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Pilgrim spending down 31 percent

Spending by domestic pilgrims dropped 58 percent to SR2.9 billion compared to SR6.9 billion last year

By Al-Eqtisadiah / 22 Oct 2013

Spending by pilgrims fell 31 percent to SR18 billion this year compared to SR26 billion last year, according to a recently published study.

The study by Abid Al-Abdalli, professor of economics at Umm Al-Qura University, for Al-Eqtisadiah newspaper, said the drop in spending was a result of the reduced pilgrim quota introduced by the Saudi government because of the expansion work at the Grand Mosque.

The number of foreign pilgrims dropped 21 percent with their spending contracting to SR15.2 billion compared to SR19.3 billion last year, or a decrease of 21.2 percent, the study stated.

Similarly, spending by domestic pilgrims dropped 58 percent to SR2.9 billion compared to SR6.9 billion last year, it said.

The number of domestic pilgrims fell by higher rates than expected by the Haj authorities, which led to the decline in the overall number of pilgrims. However, the effect of pilgrims without permits, especially those performing Haj from inside the city of Makkah, cannot by easily verified statistically, the study said.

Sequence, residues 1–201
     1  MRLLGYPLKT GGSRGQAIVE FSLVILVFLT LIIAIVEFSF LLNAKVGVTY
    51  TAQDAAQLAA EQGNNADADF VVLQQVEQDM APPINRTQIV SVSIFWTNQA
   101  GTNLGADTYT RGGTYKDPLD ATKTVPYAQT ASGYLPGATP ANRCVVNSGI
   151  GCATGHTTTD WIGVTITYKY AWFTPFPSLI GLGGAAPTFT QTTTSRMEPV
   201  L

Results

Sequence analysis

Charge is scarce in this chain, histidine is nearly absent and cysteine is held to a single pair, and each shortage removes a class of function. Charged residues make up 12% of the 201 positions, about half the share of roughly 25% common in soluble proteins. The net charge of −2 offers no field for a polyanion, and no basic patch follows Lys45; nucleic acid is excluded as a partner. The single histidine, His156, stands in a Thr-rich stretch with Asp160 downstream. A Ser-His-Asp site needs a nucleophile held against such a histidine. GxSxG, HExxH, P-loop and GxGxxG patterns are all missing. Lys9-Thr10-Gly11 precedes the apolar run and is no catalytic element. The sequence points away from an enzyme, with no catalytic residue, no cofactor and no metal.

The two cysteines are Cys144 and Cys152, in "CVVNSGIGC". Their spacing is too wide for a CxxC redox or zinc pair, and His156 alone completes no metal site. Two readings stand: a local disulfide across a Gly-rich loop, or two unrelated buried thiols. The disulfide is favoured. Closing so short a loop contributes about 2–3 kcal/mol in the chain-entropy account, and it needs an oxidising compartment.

Based on field surveys, 20.5 percent of Makkah families perform Haj every year, or 315,000 of the total population. However, other studies linked to the Institute of Haj and Umrah Research puts the figure at 500,000 pilgrims, according to the study.

Despite the importance of the number of Makkah pilgrims, this does not have a major economic impact compared to the spending of other pilgrims because they live in the city and use their own transport, the study said.

The spending of pilgrims depends on a variety of factors including the number of domestic and foreign pilgrims, spending motivations and the financial condition of each person. This is reflected in the income generated by Haj service sectors such as housing, transportation and stores, the study said.

The study said pilgrims spent the most on housing (40.5 percent), followed by gifts (14.6 percent), food (10.7 percent), electrical appliances (8.2 percent), clothes (7.8 percent), and on other items (18.2 percent).

The Haj season has a direct and indirect impact on the macro and micro economy of the Kingdom whether at the level of foreign currency reserves or balance of payments, the study said.

Assuming pilgrims spent on average SR25 billion a year and with the country's Gross Domestic Product (GDP) at SR1.8 trillion, their spending would account for 1.3 percent of GDP, according to the study.


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